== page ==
This post, together with Part 2 (still to come), describe in detail the recent events referred to in my post Memory Monday – “Progress in therapy – being ‘all in’ “. The article mentioned below, is the one linked to from my post ‘How does therapy work?’.
We had had discussions about dreams before. I struggled to remember my dreams and to interpret them, but I knew my therapist believed them to be valuable for gaining insight into one’s subconscious. Last year, she said that I brought my dreams to session almost as if they were a bunch of flowers I was giving her. She was right – I was treating them like a gift, because I knew she would find them interesting and I wanted to please her. When she asked for my thoughts on them, I often just said I didn’t really know. I always asked her what her own thoughts were, and she would say that my own interpretations were the most significant.
Last week, after a ‘dream dry spell’ lasting many months, I remembered a number of dreams in a row and brought them to her. Or rather, I just dropped them into her lap. I made some comment about the fact that I am a lucid dreamer and love dreaming; to my surprise she replied that she wondered therefore, how it was that I did not show more interest in engaging with my dreams and what they might have to tell me. She emphasized again how valuable she believed they could be to our work, and noted that I appeared to be very wary of delving into my subconscious. She said that she would ‘love’ for me to engage with dream work. It was at that point and with that word, that I realised quite how passionate she was about the subject and how much she cared about it – and not just the subject in the abstract but specifically about my own engagement with it.
She encouraged me to write down a recent dream and try and think about who or what the characters might represent. The dismissive part of me that is essentially the voice of my mother, told her that dream interpetation just felt like a game with little substance. I could come up with a number of interpretations, but they seemed to tell me little I didn’t already know, and in any case, how could I ever know which interpretations were informative, and which were simply pure invention? I left the session feeling resistant and resentful, and I sent an email telling her as much.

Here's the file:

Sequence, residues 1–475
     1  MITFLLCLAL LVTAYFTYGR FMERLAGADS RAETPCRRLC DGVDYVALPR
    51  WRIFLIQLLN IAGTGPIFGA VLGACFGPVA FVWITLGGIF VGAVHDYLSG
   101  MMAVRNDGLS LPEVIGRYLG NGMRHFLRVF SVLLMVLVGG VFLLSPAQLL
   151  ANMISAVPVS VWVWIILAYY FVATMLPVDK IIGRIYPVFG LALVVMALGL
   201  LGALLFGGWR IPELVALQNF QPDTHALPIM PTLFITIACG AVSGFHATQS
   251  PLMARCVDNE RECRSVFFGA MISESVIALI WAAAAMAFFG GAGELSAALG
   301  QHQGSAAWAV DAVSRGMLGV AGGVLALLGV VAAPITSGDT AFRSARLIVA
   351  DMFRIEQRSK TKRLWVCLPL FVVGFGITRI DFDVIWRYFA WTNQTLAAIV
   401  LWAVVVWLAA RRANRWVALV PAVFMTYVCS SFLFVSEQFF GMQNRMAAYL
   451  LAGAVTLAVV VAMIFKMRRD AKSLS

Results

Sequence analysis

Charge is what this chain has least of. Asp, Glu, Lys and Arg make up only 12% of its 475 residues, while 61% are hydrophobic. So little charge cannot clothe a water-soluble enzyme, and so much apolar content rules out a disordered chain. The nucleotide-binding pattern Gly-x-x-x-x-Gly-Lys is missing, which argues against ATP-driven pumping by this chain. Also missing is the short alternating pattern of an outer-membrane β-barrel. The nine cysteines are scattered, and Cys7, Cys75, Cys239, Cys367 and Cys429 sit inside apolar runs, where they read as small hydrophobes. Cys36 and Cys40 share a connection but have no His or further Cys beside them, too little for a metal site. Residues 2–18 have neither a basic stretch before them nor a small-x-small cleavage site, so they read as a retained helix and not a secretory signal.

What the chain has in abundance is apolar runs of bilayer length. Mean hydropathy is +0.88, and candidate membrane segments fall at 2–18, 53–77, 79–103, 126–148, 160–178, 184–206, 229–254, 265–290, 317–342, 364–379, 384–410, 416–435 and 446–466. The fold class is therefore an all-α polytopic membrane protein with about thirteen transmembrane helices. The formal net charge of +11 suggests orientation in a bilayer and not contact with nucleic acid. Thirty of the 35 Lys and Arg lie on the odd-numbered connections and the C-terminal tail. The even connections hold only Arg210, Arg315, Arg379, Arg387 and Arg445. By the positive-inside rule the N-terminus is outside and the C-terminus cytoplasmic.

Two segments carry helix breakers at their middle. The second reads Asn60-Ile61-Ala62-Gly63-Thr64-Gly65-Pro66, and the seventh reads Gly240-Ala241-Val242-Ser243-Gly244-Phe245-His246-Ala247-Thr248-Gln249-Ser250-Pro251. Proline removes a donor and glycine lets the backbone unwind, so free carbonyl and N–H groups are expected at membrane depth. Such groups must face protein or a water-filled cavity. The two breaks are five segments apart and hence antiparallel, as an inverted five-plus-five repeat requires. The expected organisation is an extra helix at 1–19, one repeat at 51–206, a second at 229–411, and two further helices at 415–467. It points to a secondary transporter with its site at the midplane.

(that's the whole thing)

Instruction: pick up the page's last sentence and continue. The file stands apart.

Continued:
I was brave. I debated with myself, but the desire was so strong, I took a risk. I sent my therapist an email on Sunday night, that started ‘Dear Mum…’. It was the first time I’d addressed an email in that way – and I wasn’t planning on making a habit of it. But it felt like the most fitting way of conveying the incredibly strong connection, love and security that I’d felt for the last couple of days. It was an expression of me, just as much as it was an expression of how I felt. I took courage from a past conversation in which she had implied that I had the freedom to address her as I chose; and from the time when she had referred to me using ‘I love you’ at the end of an email, as an expression of self.
Earlier that day, I read an interesting article on ‘inner child work’ in therapy. It discussed the importance of working in therapy to grieve what we never had as children, so that we can heal, rather than expecting to be ‘re-parented’ by a therapist acting as a substitute for what was missing. I wanted to talk to my therapist about it, but it felt like a ‘distraction’ from the topic of dream work, and so I refrained from sending it to her at that point.